This is the level where actual
hardware
is
considered.


It defines the physical characteristics of the
network such as connections, voltage levels
and timing.


Provides the physical transportation of data.


Focuses on connectors, currents, pins, light,
and other specifications that define cabling
standards.


This layer focuses on binary transmission.

Fregsample…

Putting the OSI to real work


OSI is only a model


It does not actually do any work


Protocol stacks are actual software tools


They often combine several OSI layers into
one

of the stack’s layers.


Like
TCP/IP


Protocol Stack


A protocol stack is a
group of protocols
that
all work together to allow software or
hardware to perform a function.


(For protocol information, see the
Protocol
slideshow
)

TCP/IP protocol stack


TCP/IP

is a protocol stack.


It uses four
layers

that map to the
OSI model

TCP/IP + OSI layer summary


TCP/IP Layer 1:
Network Interface


TCP/IP Layer 2:
Internet


TCP/IP Layer 3:
Transport


TCP/IP Layer 4:
Application

TCP/IP + OSI layer summary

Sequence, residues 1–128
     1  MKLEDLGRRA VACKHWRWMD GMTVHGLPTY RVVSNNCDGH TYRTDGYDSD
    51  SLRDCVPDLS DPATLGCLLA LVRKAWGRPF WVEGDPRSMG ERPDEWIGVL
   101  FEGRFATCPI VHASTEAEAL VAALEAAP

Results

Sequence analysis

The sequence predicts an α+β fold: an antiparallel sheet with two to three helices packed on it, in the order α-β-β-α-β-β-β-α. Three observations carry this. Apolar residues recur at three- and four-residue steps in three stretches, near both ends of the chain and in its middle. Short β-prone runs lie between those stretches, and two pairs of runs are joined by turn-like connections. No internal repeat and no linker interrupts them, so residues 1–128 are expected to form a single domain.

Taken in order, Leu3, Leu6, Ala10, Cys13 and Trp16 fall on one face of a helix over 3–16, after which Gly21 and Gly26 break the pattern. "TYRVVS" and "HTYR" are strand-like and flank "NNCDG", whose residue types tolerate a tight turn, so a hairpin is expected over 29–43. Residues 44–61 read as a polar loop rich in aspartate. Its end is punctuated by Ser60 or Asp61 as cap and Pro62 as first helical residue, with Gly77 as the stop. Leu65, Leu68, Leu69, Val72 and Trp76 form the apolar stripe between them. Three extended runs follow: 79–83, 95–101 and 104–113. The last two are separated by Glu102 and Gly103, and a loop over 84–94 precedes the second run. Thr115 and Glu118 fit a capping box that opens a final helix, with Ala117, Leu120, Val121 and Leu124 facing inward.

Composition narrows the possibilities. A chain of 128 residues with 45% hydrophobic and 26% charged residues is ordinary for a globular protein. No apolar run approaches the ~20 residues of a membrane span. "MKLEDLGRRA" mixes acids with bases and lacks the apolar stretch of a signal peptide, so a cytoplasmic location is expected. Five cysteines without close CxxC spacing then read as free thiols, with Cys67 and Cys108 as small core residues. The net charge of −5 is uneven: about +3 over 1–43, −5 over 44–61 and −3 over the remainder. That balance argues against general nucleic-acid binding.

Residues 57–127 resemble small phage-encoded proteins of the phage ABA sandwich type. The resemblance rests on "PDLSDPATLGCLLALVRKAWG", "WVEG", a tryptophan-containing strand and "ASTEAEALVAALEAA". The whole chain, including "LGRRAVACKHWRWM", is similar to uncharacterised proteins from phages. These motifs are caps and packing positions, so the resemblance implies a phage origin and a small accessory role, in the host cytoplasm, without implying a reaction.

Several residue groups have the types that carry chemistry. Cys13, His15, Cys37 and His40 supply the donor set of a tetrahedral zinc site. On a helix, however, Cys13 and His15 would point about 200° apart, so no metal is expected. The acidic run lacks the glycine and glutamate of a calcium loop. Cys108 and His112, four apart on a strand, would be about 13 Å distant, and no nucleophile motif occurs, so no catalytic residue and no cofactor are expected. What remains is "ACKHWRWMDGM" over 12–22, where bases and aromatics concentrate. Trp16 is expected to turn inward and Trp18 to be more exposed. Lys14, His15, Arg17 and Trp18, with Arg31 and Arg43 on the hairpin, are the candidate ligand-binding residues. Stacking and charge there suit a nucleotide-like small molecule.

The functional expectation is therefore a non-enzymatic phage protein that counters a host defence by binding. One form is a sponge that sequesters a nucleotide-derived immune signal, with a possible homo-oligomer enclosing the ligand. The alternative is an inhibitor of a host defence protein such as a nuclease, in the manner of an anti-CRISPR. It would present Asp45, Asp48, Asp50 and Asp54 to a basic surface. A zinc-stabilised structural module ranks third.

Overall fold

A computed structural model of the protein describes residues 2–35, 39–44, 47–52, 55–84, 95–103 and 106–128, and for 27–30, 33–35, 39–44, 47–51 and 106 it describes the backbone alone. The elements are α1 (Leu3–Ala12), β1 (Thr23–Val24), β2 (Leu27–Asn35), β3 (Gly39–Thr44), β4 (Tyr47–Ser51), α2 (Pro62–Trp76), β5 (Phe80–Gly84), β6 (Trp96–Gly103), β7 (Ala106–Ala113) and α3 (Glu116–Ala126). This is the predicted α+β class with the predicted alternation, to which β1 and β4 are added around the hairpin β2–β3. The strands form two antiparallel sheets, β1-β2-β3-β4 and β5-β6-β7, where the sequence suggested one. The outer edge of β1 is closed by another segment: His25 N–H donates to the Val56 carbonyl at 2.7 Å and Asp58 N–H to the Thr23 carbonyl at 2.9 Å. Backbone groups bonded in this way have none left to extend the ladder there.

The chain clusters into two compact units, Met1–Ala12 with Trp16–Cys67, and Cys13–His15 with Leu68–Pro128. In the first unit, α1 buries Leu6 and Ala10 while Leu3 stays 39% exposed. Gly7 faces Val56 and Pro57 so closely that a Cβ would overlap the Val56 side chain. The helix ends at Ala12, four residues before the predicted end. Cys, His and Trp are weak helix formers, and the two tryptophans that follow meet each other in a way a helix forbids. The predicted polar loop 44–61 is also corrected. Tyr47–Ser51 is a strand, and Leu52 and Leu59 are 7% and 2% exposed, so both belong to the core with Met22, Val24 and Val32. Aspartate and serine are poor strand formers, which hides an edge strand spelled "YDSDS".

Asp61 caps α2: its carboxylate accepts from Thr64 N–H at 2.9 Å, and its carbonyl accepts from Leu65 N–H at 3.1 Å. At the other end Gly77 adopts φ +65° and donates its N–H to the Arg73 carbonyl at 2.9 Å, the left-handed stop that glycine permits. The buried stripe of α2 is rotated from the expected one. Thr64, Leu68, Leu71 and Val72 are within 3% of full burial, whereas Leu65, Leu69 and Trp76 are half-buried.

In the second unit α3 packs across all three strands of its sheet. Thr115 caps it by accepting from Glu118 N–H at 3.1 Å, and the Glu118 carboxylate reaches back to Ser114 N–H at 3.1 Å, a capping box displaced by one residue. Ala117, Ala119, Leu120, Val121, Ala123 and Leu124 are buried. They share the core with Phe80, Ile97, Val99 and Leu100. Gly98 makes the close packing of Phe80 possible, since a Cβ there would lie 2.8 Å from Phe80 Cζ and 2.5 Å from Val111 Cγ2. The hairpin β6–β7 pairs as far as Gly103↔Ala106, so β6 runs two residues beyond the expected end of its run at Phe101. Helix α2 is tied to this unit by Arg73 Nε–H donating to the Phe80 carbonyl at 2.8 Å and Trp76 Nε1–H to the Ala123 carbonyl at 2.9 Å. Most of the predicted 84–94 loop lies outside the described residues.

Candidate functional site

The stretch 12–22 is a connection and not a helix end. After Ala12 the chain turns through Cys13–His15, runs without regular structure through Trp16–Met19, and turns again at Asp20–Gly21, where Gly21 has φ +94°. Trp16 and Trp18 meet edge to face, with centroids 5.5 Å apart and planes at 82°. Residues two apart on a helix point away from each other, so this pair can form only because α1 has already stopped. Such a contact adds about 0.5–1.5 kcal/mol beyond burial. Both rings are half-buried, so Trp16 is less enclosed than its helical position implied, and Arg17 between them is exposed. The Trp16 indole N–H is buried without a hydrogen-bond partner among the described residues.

TCP/IP

LAYER

OSI LAYERS

Network Interface


Physical

Data

Internet


Network

Transport


Transport

Application


Session

Presentation

Application

TCP/IP + OSI layers


Layer 1: Network Interface

-

combines the OSI
Physical

and OSI
Data

layers


Routes data between devices on the same
network.


Manages the exchange of data between the
network and other devices.





Huh?


SD U3O1 KK04
-

purposes and functions of the
physical layer
(Layer 1) of the OSI and
the
relationship of the physical layer to the
Transmission Control Protocol/Internet
Protocol model



The importance of the relationship of the OSI
physical layer and the TCP/IP model baffles
me.

TCP/IP + OSI layers


Layer 2: Internet

-

corresponds to the OSI
Network

layer.


The
Internet Protocol

(IP) uses the IP address,
consisting of a
Network Identifier

and a
Host
Identifier
, to determine the address of the
device it is communicating with.

TCP/IP + OSI layers


Layer 3: Transport

-

Corresponding to the OSI
Transport